KOCHI: For city dwellers, the quaint sight of a quiet neighbourhood carpeted with fallen foliage is a sight as startling as it is delightful. Amid the polluted streets and unkempt cities, how often do we train our eyes on the benevolent tree? Aswathi Jerome does just that and she is more than happy to acquaint us with the myriad species of trees and shrubs that dot the streets of Kochi through her Instagram handle @treesofcochin.
A freelance communication consultant, this Kochi native’s fascination with trees sprouted a little over two years ago with a hashtag challenge on Instagram. Today, Aswathi associates streets with the trees found in the vicinity. “Right after the deluge of 2018, I came across #50trees on Instagram, which was about clicking pictures of trees and posting them.
I must have captured around 100 photos between August and December that year. It quickly evolved into a deep interest to know more about its phenology. I found myself becoming more aware of the trees on the roadside. Hence, I decided to start ‘Trees of Cochin’. People do food and book reviews. So I figured why not tree reviews!” quips Aswathi.
“Though Fort Kochi is known for its famed raintrees, the city has so much more to offer with regard to trees. I identify French Toast in Panampilly Nagar with the African tulip tree in front of it, Edappally bypass with the cassia trees and the bustling Ravipuram with the almond trees, planted along the stretch. In fact, I found that almond trees can be found in abundance across the city,” adds Aswathi, who also has a blog and a newsletter.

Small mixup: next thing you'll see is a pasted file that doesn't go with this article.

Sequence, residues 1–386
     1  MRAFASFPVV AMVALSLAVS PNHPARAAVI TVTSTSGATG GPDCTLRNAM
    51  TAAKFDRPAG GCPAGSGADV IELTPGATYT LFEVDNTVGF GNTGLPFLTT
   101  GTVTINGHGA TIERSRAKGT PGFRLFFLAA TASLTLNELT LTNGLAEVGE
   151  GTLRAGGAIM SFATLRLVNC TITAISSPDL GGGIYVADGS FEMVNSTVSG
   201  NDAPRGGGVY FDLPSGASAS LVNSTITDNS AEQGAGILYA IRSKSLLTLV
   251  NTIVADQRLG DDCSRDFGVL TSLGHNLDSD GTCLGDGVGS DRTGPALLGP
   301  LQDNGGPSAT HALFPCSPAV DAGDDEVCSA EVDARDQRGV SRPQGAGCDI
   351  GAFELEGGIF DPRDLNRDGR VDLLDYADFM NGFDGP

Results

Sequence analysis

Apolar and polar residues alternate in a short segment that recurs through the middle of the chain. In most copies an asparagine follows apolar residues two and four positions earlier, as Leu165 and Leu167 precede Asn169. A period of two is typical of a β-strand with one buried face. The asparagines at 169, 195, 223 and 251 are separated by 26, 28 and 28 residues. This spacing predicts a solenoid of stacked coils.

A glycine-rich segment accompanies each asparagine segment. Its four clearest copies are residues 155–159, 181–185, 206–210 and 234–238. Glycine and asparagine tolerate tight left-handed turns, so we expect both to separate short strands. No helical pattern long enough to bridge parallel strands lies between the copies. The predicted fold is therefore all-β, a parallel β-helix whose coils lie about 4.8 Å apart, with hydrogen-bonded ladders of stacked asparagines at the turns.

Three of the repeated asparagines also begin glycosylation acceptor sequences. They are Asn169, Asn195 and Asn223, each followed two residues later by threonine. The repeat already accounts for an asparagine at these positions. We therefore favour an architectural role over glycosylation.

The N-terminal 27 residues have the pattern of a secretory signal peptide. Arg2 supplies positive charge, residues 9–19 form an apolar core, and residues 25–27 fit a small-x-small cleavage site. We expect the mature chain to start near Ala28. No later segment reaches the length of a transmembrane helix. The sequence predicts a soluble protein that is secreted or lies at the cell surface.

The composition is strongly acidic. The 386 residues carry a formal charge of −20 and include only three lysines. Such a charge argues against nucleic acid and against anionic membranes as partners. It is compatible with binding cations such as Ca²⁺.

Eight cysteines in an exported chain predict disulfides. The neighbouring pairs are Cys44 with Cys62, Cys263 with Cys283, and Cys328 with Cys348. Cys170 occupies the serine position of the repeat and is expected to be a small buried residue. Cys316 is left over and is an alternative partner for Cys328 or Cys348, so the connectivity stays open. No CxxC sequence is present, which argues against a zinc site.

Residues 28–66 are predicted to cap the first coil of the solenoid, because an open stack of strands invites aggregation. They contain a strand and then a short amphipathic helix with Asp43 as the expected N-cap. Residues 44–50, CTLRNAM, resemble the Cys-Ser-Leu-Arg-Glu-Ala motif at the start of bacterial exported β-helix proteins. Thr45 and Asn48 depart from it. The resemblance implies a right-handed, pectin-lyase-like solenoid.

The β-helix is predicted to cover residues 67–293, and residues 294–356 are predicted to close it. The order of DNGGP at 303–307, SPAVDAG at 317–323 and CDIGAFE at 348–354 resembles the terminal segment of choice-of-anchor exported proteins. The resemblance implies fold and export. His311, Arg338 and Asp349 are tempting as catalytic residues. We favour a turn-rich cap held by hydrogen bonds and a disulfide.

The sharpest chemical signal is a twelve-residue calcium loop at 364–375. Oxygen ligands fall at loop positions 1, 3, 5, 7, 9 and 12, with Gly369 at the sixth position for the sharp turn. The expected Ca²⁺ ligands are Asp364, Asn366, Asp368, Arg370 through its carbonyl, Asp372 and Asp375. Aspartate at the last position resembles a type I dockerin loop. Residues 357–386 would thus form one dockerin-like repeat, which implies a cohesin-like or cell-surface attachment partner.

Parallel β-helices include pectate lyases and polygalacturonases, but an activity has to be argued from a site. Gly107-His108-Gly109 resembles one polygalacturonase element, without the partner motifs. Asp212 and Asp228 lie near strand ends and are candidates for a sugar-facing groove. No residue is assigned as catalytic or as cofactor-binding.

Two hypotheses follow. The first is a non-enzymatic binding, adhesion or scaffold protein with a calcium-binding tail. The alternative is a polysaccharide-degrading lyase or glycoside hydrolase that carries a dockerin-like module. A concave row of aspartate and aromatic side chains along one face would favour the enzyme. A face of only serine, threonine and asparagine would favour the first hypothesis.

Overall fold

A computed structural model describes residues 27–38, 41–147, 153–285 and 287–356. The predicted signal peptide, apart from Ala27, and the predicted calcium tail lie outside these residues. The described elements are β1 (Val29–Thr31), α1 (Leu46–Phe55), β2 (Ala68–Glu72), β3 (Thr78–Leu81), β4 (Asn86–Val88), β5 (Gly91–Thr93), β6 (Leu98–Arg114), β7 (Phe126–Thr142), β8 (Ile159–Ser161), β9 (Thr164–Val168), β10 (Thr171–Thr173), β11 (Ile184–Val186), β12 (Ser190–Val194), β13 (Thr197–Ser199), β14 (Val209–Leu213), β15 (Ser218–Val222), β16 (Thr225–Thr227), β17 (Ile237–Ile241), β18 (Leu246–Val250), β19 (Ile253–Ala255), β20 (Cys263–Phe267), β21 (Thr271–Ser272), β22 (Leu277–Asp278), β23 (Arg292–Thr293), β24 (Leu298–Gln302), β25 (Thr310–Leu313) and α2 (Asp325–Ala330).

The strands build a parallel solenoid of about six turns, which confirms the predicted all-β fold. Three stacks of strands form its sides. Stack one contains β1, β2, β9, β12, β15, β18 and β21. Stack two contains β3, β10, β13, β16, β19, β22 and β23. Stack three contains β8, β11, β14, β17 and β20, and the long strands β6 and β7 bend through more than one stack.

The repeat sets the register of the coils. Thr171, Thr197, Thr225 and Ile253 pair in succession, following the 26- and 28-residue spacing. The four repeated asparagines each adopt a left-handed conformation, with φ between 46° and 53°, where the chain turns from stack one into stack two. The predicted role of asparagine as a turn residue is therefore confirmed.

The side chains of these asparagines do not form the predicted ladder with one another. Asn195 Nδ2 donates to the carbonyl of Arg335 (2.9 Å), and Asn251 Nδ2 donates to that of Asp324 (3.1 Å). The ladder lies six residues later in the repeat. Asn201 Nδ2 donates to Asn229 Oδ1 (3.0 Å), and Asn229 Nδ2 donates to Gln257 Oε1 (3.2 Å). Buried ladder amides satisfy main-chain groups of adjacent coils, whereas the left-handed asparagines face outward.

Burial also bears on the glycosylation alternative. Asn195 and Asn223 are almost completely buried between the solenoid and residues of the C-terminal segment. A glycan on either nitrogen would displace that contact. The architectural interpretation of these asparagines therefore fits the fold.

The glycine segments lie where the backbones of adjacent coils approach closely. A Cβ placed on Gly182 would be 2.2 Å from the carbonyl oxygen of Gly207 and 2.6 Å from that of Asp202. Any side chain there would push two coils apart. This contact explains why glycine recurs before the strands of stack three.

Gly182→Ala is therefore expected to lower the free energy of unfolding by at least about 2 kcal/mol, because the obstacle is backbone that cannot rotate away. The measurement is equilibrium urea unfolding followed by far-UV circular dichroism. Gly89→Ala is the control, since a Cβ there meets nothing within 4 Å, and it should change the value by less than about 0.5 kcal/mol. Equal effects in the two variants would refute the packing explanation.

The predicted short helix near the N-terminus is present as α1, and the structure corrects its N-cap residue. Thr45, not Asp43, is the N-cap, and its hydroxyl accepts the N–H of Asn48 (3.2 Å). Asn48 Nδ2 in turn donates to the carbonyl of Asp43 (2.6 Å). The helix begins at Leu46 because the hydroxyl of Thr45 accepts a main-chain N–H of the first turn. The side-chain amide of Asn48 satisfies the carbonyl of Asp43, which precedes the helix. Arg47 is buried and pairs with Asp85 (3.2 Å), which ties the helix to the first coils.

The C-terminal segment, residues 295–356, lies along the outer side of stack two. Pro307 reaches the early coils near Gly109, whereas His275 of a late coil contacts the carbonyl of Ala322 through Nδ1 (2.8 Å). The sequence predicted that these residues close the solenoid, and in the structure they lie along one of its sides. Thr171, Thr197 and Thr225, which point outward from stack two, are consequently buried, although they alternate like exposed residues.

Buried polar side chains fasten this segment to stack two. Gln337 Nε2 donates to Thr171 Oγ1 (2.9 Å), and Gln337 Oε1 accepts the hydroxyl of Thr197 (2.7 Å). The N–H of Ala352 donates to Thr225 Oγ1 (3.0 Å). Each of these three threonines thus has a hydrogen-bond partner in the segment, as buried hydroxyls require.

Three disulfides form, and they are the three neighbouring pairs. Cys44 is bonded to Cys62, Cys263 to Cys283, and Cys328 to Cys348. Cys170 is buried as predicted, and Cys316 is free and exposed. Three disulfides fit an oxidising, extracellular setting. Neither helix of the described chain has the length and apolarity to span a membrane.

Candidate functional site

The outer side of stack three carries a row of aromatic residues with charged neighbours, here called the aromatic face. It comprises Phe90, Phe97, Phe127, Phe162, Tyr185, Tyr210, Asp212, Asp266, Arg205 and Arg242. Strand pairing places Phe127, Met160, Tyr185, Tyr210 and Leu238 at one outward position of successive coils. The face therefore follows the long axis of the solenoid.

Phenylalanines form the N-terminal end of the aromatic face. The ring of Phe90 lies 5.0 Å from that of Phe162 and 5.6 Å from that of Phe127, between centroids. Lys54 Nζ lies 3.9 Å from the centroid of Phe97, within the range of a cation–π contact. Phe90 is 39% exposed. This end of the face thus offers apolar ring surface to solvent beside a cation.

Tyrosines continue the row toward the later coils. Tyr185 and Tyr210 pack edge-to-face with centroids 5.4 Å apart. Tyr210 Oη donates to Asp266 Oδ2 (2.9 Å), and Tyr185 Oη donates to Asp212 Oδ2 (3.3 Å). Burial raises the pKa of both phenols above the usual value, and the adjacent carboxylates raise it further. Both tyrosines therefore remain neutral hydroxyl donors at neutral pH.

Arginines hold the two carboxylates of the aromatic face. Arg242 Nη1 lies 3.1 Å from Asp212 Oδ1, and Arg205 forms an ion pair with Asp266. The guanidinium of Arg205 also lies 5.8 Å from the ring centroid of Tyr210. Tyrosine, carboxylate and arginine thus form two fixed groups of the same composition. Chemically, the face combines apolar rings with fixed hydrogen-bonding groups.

In the captions that accompany the pictures, Aswathi weaves her subject to the history of the city and its various landmarks. The facts are interspersed with her own memories or those of the people she knows. Sometimes, it is about forgotten lanes or unique anecdotes. In her own words, Aswathi is attempting to investigate how trees have come to be live fixtures of Kochi’s landscape.
She leaves through articles, books and botany-centred apps to gain knowledge and even strikes up conversations with security guards and street vendors to find more about trees. “A few months ago, I was in Pallimukku. I noticed a huge tree in front of the HSBC Bank there. I was intrigued and was examining it. The security guard came over to ask me what I was doing. I said I wanted to know what the tree was called. To my surprise, the guard knew all about it. He probably never thought about the tree actively but since he sits by it everyday, his mind registered the information subconsciously,” she says.